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post #9 of 43 (permalink) Old 04-14-2018, 09:43 AM
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Duplicate post

67 Shelby Clone
410 stroker, RHS heads, FPA headers, Lentech full manual AOD
Global West upper / lower control arms, rear leafs and del-a-lum bushings
Street or Track strut rods, Viking coilovers
Wilwood front disc brakes
-----------------------------------------------------
2008 Shelby Convertible 625 HP
VMP SC 2.5 pulley and tune. Steeda cold air intake
True Forged Sleeper 20x11 and 20x10 wheels
MGW shifter, Tokico D spec shocks and struts
MTF 1 piece headliner, 2008 Shelby seats



Last edited by mikec35; 04-14-2018 at 09:44 AM. Reason: Deleted
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post #10 of 43 (permalink) Old 04-14-2018, 10:16 AM
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Key questions: how many miles will you drive it annually ? Will you be towing on many steep grades ?

Mikes V10 example is a worst-case, they are known gas hogs. My 2000 7.4 K2500 does fine as a daily, but I don't drive in the city, or have cramped parking lots to deal with. I get 12.5 MPG combined, 13 Hwy, 10 towing. As mentioned, it handles grades fine, but you will be going slower than a diesel (I don't keep the pedal matted on a hill). The new gassers will get a few MPG more. The problem with the mileage argument, the $5,000+ premium for a diesel pays for lots of gas ! The payback is after 100,000 Miles or more. Yes, the engine will "last forever", but the rest of the truck falls apart at the same rate. diesel engine maintenance is a bit more expensive.

If the price isn't a deal breaker, test drive both and see how you feel ?

Edit: Don't know about newer trucks, but the 24 Gallon tank on my short bed does suck. Towing, you're looking for gas every 200 Miles !

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Last edited by stephen_wilson; 04-14-2018 at 10:20 AM.
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post #11 of 43 (permalink) Old 04-14-2018, 10:49 AM
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The extra initial cost of a diesel purchase vs. the extra fuel expense for gas was a tough one for me. It's a classic pay me now, pay me later scenario. I tow infrequently but still wanted the available tow capacity of a F250. The argument of the diesel outlasting the rest of the vehicle in my opinion is not as big a deal if you purchase a Southern vehicle where you don't have to worry about rust. My 2003 gas V10 came from Pennsylvania, once it started to rust I got rid of it. My 2001 7.3 diesel came from SC, no rust at all. I can tell you I feel like I have a much more durable truck now that I have a diesel.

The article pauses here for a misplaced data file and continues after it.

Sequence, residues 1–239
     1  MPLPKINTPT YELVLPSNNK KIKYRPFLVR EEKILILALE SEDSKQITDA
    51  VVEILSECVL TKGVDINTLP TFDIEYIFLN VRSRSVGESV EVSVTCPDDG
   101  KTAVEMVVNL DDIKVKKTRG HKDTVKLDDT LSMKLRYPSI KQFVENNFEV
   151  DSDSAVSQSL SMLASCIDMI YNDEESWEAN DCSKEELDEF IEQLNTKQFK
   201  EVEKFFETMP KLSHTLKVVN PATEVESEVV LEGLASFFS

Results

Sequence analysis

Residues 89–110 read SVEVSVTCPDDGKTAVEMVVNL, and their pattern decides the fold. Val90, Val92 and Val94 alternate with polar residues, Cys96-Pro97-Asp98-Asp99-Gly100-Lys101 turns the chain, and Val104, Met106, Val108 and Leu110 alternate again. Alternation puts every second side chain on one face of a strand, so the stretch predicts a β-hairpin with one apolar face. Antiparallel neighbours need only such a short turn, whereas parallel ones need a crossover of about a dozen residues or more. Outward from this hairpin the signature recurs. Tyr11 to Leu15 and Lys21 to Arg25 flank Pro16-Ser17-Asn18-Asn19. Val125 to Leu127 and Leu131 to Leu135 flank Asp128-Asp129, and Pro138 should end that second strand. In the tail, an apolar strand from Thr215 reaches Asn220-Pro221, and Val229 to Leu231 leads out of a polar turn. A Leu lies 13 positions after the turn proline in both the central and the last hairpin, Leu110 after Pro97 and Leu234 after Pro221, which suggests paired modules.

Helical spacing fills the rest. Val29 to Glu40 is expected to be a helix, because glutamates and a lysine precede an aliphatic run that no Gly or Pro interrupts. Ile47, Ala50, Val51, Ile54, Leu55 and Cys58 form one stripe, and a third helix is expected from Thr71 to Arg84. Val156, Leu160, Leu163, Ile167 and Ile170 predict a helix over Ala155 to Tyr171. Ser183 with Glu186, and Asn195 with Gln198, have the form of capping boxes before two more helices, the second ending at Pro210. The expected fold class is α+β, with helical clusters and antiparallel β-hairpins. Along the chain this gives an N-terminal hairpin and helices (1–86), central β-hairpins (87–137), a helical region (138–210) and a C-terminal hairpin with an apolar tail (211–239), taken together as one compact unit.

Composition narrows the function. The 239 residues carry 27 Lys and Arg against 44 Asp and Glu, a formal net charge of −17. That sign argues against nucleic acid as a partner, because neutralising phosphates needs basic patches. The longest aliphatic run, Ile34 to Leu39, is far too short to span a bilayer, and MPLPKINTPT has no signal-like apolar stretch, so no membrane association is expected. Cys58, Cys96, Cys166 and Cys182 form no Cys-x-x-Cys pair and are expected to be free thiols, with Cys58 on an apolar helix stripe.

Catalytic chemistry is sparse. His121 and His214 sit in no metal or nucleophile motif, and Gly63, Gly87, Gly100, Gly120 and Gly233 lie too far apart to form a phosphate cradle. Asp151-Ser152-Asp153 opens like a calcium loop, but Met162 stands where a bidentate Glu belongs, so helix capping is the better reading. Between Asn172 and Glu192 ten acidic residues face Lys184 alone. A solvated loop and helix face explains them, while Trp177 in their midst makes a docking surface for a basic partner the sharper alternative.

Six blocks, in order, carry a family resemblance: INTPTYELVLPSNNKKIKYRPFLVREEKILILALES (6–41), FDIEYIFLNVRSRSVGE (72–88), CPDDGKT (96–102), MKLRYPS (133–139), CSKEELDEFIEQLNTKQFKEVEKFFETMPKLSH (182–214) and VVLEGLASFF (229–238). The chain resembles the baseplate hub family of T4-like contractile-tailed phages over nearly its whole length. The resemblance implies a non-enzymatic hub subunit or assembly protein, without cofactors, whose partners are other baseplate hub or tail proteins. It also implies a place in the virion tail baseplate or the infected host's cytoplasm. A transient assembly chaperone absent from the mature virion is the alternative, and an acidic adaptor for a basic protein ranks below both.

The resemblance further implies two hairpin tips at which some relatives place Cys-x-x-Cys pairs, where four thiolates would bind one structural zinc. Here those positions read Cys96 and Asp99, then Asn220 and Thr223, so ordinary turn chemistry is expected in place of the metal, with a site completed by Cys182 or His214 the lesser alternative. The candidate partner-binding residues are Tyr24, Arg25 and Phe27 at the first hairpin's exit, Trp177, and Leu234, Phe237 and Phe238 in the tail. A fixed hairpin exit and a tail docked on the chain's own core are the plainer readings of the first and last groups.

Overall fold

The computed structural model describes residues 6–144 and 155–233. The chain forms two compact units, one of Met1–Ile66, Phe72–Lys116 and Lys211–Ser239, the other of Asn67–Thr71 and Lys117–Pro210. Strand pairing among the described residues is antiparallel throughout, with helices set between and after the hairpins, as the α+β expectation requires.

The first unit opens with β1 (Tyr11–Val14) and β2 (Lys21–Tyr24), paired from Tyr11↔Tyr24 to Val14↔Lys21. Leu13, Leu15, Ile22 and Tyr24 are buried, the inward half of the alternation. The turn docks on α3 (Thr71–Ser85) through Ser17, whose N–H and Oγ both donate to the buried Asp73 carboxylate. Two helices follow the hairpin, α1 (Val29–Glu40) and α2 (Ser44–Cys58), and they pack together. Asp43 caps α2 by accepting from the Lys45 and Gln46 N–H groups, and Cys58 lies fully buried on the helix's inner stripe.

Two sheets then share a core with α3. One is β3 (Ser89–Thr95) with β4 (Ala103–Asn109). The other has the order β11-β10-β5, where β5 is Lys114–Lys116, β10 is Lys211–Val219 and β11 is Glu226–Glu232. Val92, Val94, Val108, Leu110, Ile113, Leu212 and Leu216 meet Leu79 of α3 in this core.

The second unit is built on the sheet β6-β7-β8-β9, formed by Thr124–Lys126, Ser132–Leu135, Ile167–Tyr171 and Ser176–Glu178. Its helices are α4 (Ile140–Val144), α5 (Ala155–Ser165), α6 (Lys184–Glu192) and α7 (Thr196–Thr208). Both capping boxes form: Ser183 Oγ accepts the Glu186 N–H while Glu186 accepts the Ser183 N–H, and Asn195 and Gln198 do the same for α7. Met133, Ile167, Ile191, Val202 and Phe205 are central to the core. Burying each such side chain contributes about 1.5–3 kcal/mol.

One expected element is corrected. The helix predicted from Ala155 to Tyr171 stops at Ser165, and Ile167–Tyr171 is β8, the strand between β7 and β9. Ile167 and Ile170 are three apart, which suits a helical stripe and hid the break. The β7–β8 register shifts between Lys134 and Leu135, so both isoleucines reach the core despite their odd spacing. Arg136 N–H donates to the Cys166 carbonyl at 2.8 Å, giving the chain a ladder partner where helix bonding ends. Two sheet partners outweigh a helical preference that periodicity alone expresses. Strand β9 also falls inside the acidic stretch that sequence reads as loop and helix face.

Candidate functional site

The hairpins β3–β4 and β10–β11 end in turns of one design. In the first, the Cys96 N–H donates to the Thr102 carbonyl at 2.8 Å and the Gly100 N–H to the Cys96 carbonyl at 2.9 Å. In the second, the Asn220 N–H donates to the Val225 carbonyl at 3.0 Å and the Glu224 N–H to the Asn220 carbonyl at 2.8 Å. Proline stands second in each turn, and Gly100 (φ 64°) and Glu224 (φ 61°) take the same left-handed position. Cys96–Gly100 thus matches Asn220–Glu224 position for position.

67 Shelby Clone
410 stroker, RHS heads, FPA headers, Lentech full manual AOD
Global West upper / lower control arms, rear leafs and del-a-lum bushings
Street or Track strut rods, Viking coilovers
Wilwood front disc brakes
-----------------------------------------------------
2008 Shelby Convertible 625 HP
VMP SC 2.5 pulley and tune. Steeda cold air intake
True Forged Sleeper 20x11 and 20x10 wheels
MGW shifter, Tokico D spec shocks and struts
MTF 1 piece headliner, 2008 Shelby seats


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post #12 of 43 (permalink) Old 04-14-2018, 10:49 AM
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Don't the diesels require some type of fluid for emissions control? I see this stuff for sale in Sams club and someone told me it is required for new diesel trucks.

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post #13 of 43 (permalink) Old 04-14-2018, 10:54 AM
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Just my thoughts and experiences.

My recently acquired 2004 V10 Excursion gets 17 on the highway, and currently 8 in town. I have not towed with it yet but according to the guys on Ford Truck Enthusiasts Forums I should get about 8mpg towing. I have the 3.73 gears and it is said I should be good with a trailer up to about 8K lbs. Above that and you need steeper gears, 4.33 or higher depending on load and tire size. Engine maintenance is super simple, just like our cars. This thing is built on a F250 frame so it does drive like a truck and yes, it is large. Its got a 40gal tank so can go a ways on the expressway when not towing. Gas is cheaper and there are more gas pumps at the stations. Guys on the Truck forums say that this V10 will rev higher to get the job done, and that is nothing to worry about.

Diesel is a good option when you need more power, torque, or just like diesel. They do get better gas mileage, but the diesel is currently more expensive. As mentioned, there is more maintenance required and that as well is more expensive.

I know how to work on my V10, but do not know much about Diesels. Guess that would change if I owned one. There are two diesel's on my street, and I know every time they start up, drive away, and return. My V10 is quieter than my Mustang.

I'm not much for the newer V6 Eco Boost in towing heavy loads (over 8k). I think they do better in town and do a good job towing lighter loads. My brother has a F150 V6 Eco he purchased new in 2011, but still states it has about the same power as the 4.8l he previously had. Gas mileage is slightly better though when not towing.

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post #14 of 43 (permalink) Old 04-14-2018, 11:44 AM
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F-250 - Gas or Diesel

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Don't the diesels require some type of fluid for emissions control? I see this stuff for sale in Sams club and someone told me it is required for new diesel trucks.

diesel exhaust fluid. It's a urea-based solution the exhaust passes through to clean it out. Semi tractors use it but I'm not see if diesel pickup trucks do.


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post #15 of 43 (permalink) Old 04-14-2018, 12:05 PM
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Yes , regular diesel trucks also use DEF . Diesel exhaust fluid .